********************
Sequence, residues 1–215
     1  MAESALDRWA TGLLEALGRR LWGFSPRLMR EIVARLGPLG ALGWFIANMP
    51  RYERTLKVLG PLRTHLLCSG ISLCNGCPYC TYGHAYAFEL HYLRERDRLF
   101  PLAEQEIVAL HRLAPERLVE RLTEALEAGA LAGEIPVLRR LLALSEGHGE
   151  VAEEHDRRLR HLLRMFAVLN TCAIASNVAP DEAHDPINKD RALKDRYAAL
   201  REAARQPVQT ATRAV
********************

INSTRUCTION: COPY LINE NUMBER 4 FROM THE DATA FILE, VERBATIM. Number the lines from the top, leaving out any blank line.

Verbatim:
   101  PLAEQEIVAL HRLAPERLVE RLTEALEAGA LAGEIPVLRR LLALSEGHGE